2. Read the rest of the paragraph



with an ~



for big hidden surprises or results.



As you read the rest of the paragraph, briefly summarize anything else that is very important or surprising in the paragraph. Often, this will consist of simply jotting down a word

or two. You may in fact not add anything to the original topic sentence if the paragraph flts

neatly within the scope of that sentence.

3. Follow the same process for subsequent



paragraphs.



Each paragraph may introduce a whole new idea. Therefore, your approach to each subsequent paragraph should be the same as with the first paragraph. As you. create your

Headline List, make it coherent. The parts should relate to each other.



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Chapter 3



SHORT PASSAGES

How much do you read before stopping to take notes? It depends. If the passage is really

tough, slow down and go sentence by sentence. If the passage is easier and you think you

are getting it, read more (even a whole paragraph) before taking notes on that chunk.

Stopping to take notes can take you out of the "flow." At the same time, you should force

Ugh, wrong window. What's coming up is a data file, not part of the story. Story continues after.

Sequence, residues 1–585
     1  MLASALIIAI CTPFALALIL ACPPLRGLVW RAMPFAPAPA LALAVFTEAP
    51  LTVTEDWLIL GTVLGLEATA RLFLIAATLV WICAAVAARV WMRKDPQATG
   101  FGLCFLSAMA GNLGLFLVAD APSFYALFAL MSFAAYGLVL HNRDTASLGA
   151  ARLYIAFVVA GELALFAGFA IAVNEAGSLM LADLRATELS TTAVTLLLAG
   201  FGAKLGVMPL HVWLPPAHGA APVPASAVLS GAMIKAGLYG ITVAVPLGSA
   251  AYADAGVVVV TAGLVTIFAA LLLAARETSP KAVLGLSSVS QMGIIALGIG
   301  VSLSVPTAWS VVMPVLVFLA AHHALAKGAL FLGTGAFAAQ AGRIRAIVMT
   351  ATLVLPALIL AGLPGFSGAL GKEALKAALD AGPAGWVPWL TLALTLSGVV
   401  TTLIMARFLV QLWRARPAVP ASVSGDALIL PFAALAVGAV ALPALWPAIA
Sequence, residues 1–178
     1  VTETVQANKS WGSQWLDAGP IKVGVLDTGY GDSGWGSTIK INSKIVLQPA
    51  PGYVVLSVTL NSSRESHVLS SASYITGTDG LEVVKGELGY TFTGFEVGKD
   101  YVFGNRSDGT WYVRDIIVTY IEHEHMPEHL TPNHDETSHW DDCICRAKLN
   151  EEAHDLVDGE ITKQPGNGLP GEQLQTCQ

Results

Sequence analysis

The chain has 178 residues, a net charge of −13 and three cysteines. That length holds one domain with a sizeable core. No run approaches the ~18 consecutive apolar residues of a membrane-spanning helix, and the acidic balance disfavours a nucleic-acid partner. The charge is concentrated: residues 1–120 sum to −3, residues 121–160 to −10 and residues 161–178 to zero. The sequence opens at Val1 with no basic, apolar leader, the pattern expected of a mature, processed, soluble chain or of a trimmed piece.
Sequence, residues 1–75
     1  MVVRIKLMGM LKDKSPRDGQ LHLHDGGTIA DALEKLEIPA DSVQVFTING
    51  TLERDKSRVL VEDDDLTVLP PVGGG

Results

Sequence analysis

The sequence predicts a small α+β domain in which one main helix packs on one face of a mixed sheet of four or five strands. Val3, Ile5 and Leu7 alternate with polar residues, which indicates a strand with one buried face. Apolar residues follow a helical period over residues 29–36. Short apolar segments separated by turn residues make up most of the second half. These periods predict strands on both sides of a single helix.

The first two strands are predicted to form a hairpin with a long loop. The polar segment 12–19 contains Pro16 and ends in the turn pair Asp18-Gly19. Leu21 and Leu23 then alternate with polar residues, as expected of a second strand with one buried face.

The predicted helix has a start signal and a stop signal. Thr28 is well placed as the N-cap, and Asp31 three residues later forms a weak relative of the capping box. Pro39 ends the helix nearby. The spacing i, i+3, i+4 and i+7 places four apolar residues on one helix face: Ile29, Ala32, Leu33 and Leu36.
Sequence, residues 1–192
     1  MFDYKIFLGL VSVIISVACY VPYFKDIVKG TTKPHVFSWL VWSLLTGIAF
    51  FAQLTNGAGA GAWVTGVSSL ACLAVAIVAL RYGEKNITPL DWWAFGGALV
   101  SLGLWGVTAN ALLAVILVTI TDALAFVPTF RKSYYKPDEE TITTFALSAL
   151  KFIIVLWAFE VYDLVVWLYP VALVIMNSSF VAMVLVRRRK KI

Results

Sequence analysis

yourself to stop periodically and consider adding to your Headline List.



4. Once you have finished the passage, identify the passage's Point.



If a paragraph in a short

passage does not have



After you have finished reading the passage and creating the Headline List, glance back over

your notes and over the passage. Make sure you know what the Point of the passage is. If it

is not in your Headline List already, be sure to add it. Then, label or mark the Point, so that

you articulate it to yourself. This way, you are certain of the author's most important message. Now proceed to the first question.



one topic sentence, create headlines for the

main points of that paragraph instead.



Common Notations

To create your Headline List as quickly as possible, consider the following notations:

(1) Abbreviate long terms, particularly proper nouns.

(2) Use arrows (e.g. -+) to indicate cause-effect relationships or changes over time.

(3) If a passage contains speakers, writers, points-of-view, arguments, etc., keep

them organized by placing the person with the opinion before a given opinion

with a colon. For example: Historians: econ, interests -+ war.

(4) If you write down examples, mark them with parentheses or "Ex." For example:

Insects = inflexible (sphex wasp).

(5) Number each paragraph. Paragraph breaks are important



to remember.



You will have your own note-taking style. For instance, if you are a visual thinker, you may

draw pictures or use graphs to show relationships. Regardless of the notations you use, practice them and keep them CONSISTENT.